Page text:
There are plenty of churches operating away from their home. Those that have homes can end up being displaced for one reason or another and forced to find a new place to meet. This can often be a real threat to existence.
It’s a subject the city of Coventry is having to address at the moment though not in terms of its churches. Coventry City, for a whole host of internecine reasons I’m delighted to say have no place in this blog, will be playing their home games in Birmingham when the new football season starts. They’ve had to do it before and it didn’t work well then. Clearly people want a familiar base, somewhere they can trust and feel at home. Somewhere they identify with.
Coventry’s Elim Church also plays its Sunday games away from home, but not as a result of any problems. Here the need is to find a space to grow. A hugely welcome problem for any church. So it’s through the glitzy foyer of the Belgrade Theatre that I stroll for this Sunday gathering, welcomed by quite the most enthusiastic of welcoming teams. The last time I was in the Belgrade was to see a musical based on the songs of Ian Dury; a fabulous evening of hummable songs, uplifting narrative and with a message of inclusion and togetherness for us all. By the time I’m heading back toward the car, I’m inevitably drawing parallels.
Like most modern Pentecostal services, this one starts with music. There’s a nine-piece band pumping through half an hour of fine, singalong anthems. The lyrics are not quite Charles Wesley and the music considerably less complex than Stanford, but these songs work by being simple to pick up and easy to build into an ecstatic finish. And the band are top-notch. By a joyful quirk of fate I’ve positioned myself a row in front of a woman with a tremendous voice matched only by her desire to share it with the masses. Once I’ve adjusted the hearing aids to cope with the mighty volume, it’s like experiencing the whole gig in surround sound.
As the band take a well-earned rest we get prayers, parish news on the big screen and a line-up of very young children to be welcomed into the family. It’s certainly a big family. There’s hundreds here today - there will be plenty of touring shows at this venue envious of so few empty seats - and the return to the normal church building next week will mean two services just to cope with the hundreds.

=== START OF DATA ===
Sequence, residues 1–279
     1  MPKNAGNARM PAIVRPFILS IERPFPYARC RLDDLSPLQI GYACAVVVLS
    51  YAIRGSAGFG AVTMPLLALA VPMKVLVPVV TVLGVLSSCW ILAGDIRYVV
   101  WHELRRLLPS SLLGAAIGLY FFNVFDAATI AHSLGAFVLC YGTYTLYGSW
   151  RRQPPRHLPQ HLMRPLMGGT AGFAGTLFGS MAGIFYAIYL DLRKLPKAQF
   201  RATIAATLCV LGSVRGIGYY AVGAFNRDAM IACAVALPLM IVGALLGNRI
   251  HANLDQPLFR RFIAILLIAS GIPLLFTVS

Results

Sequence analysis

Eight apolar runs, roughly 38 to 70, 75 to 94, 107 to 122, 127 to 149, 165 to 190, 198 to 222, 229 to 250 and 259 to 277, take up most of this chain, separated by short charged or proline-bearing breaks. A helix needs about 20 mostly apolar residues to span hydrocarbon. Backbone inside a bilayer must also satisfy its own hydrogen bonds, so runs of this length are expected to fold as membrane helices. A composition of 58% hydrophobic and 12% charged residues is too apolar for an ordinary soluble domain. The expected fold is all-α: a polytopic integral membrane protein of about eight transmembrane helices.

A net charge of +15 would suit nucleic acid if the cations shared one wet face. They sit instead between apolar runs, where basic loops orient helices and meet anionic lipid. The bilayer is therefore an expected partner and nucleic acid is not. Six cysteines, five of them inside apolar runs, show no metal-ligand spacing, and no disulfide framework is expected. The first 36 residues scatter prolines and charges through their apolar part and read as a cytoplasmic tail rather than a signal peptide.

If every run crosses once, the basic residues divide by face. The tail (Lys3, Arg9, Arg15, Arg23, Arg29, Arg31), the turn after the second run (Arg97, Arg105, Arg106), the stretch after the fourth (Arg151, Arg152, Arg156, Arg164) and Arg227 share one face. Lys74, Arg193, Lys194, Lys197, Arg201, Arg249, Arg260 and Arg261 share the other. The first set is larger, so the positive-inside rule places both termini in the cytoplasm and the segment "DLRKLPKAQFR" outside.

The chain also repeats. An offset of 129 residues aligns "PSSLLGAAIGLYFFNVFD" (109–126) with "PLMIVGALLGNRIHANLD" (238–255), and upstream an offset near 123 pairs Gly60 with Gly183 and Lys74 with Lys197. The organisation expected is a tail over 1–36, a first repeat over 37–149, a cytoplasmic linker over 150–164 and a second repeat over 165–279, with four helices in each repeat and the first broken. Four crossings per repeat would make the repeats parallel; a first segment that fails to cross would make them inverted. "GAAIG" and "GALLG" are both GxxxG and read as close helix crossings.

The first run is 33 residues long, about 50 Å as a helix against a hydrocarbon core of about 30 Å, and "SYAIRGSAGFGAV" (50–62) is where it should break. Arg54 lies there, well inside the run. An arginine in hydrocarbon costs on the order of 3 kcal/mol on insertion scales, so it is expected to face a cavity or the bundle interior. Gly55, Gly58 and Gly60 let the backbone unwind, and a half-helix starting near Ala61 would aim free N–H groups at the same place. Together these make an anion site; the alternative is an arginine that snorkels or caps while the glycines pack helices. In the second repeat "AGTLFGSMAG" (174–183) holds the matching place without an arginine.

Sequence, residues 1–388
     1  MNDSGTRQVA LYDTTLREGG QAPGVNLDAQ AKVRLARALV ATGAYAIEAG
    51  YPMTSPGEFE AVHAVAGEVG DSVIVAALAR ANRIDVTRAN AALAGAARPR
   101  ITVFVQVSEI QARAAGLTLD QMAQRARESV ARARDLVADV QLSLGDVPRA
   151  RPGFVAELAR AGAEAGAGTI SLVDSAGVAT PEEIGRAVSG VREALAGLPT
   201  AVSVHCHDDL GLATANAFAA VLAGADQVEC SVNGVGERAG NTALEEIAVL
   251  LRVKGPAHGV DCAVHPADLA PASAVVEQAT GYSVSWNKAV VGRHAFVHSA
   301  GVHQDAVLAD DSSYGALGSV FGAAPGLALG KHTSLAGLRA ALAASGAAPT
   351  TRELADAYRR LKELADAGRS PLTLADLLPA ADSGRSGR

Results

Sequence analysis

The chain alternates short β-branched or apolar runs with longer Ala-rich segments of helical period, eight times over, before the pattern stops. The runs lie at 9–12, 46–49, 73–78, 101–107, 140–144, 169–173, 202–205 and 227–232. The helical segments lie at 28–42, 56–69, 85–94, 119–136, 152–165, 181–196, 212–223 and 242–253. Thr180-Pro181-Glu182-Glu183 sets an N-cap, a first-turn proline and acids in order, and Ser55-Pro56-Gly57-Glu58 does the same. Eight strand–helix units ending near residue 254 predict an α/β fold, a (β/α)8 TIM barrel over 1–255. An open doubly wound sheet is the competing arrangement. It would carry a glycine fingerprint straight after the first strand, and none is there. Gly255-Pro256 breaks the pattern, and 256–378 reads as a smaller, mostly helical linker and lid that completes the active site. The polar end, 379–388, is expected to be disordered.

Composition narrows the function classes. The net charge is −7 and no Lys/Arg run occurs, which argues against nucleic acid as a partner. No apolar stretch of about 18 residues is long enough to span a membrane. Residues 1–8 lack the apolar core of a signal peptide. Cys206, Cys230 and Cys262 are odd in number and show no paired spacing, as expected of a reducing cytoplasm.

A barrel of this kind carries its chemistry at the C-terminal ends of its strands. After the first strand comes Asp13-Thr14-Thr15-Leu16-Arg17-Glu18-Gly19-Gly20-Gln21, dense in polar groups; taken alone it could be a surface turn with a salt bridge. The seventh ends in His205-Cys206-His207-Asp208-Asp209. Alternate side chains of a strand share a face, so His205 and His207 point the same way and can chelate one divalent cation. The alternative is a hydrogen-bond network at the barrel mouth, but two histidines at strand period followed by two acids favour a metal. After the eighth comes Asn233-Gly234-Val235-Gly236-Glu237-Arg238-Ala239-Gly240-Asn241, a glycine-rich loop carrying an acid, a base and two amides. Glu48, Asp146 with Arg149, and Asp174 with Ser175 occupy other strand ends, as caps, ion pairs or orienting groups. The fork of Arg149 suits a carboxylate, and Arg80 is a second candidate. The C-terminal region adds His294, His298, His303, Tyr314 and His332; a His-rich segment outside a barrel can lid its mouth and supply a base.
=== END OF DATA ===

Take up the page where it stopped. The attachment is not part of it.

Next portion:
The talk this morning stems from verses from Ezekiel - the passage describing a great river emerging from the ruins of a temple, broadening to become a source of food and life to the whole area. We get to follow the words on the huge, stage-wide screen and we get videos too. In this case it’s a splendid film of this morning’s pastor bravely immersing himself in a very uninviting lake to make the point about the biblical river being a metaphor for our own commitment to faith. We’re all, he says, quite happy to go ankle-deep, but greater rewards will be ours for having the courage and the steadfastness to get right in and swim. Which he then does. It’s a wonderfully visual point, brilliantly made. The fact that he probably froze half to death and risked any number of stomach-crunching diseases to make that point, merely serves to underline how far a committed person may go. I’m still just dipping my toes of course.
It doesn’t end there. The river’s ability to contain, support and sustain life should be, we are told, a reminder to us all to take that hope and love out into the community and help feed those who are hungry, homeless, confused, troubled or afraid. As finale songs go, it’s a strong one and it’s hard not to feel uplifted as the curtain finally falls and the houselights come up. I’m reminded of the comparative hopelessness of the ‘go out and spread the good word’ message which started this blog half a year ago. This, evidently, is how it’s done.
This being a theatre I’m tempted to praise this as an excellently-crafted production. A clear message presented in a richly entertaining way by a faultless, professional cast. And it was. But it’s more than that. In the enthusiasm and sharing of the hundreds who came this is as good an example of a church working perfectly with its members as you could expect to see. By the time Elim returns to the Belgrade after the theatre’s refurbishment, the queues will stretch out of the foyer and round the block. Like the river bursting from the temple, it’ll run and run.